Film review: Anomalisa

Part of a series of reviews for films from the 2016 Kamloops Film Festival

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anomalisa-posterAnomalisa is a visually stunning stop-motion animated film that tells the story of a man becoming unhinged in a world where he thinks everyone is just one person. He seems exhausted just living in his own life as characters like taxi drivers and hotel clerks, who all look and speak the same aside from their hair and clothes, appear in his life and do nothing to make things better.

The film, which is largely without cuts in time except when characters are asleep, follows middle-aged motivational speaker and customer service veteran Michael Stone as he arrives in Cincinnati for a conference. Clearly lonely and bored, Michael tolerates his own existence at his hotel until he hears the voice of another – the anomalous Lisa, who sounds and appears strikingly distinct. After a series of missteps to establish Michael’s tired existence, we get to watch him pursue Lisa, who is overflowing with character and real humanity.

The talent behind this film’s creation is apparent. Duke Johnson and Charlie Kaufman co-direct the film masterfully. Charlie Kaufman lends his wonderful madness to the film as its screenwriter and a number of colourful executive producers pepper the film’s credits as well, including Dan Harmon and Dino Stamatopoulos, who you might know from the TV show Community.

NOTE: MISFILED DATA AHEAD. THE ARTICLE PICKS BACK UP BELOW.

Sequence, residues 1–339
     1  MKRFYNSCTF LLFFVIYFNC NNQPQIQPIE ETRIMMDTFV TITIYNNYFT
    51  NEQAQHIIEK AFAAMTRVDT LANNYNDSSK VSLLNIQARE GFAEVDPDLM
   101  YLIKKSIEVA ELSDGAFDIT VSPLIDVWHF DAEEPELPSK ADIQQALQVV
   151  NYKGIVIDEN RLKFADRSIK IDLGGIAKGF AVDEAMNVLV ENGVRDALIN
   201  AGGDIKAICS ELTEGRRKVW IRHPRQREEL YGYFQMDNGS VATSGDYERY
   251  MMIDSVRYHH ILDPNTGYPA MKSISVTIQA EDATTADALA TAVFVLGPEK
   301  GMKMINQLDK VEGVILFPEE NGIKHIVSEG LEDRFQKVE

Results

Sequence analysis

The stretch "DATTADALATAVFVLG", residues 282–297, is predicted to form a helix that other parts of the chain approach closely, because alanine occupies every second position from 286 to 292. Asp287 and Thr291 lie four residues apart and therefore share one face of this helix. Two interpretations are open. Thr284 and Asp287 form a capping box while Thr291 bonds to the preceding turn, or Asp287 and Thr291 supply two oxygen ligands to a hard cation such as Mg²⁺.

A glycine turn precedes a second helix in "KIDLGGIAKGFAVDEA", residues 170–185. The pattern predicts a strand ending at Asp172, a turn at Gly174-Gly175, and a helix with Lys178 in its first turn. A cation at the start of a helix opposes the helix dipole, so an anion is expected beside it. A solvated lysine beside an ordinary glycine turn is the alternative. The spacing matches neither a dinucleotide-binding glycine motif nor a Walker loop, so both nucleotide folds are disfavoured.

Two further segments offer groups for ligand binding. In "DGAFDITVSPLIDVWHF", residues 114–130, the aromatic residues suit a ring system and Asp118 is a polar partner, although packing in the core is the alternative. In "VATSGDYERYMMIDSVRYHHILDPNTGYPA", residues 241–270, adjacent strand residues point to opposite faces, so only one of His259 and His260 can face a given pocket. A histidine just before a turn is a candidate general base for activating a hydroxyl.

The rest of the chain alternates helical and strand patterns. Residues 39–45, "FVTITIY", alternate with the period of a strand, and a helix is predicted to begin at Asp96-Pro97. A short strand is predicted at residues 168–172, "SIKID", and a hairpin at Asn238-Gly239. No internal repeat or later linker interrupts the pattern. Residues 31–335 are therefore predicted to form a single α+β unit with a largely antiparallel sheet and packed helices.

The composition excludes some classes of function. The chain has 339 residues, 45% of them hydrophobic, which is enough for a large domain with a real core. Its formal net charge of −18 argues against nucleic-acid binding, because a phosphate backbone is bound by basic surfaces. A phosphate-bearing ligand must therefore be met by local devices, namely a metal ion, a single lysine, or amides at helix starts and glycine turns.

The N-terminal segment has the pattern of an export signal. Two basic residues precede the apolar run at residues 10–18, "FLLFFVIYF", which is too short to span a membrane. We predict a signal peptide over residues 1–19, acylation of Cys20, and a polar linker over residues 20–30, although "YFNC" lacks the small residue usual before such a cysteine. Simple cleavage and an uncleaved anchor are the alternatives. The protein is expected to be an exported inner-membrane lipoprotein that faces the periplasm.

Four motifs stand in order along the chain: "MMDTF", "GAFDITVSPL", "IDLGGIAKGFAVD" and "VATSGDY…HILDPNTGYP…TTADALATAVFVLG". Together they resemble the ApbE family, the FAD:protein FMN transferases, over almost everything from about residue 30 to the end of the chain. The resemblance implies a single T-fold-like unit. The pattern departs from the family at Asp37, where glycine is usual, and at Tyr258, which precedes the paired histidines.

Co-director Kaufman is the master writer behind films like Being John Malkovich, Adaptation and Eternal Sunshine of the Spotless Mind. If you’ve seen any of those, you’ll know why I’m bringing them up – they all revolve around the idea of becoming unhinged from reality. Anomalisa is right in line with this trait of Kaufman’s, but it’s also compelling for a number of other reasons.

The film’s dialogue feels very natural and real. It also deals with some awkward characters, which play perfectly against the audience to make them feel awkward too. In a film where everyone is made of plastic, it’s easy to see some very human activity – including the first stop-motion animated sex scene I’ve ever seen, complete with what I can only describe as very complete animated models.

On the voice acting side of things, a fantastic trio makes up the film’s entire cast, with David Thewlis playing the older business-minded Michael, Jennifer Jason Leigh playing the anomalous Lisa and Tom Noonan as every other character in the film. Yes. Every other character. And while Noonan is no doubt a talent, he’s not doing voices here – well, not more than one voice, anyway. He delivers a wide range of characters, from haughty hoteliers to flirtatious women, all with the same tone and inflection, just as he’s meant to.

Anomalisa delivers a delightful dose of weird along with a heaping spoonful of humanity. As one of the first major adult-oriented stop-motion animated films, it’ll be interesting to see what it’s contribution to the film world will really be.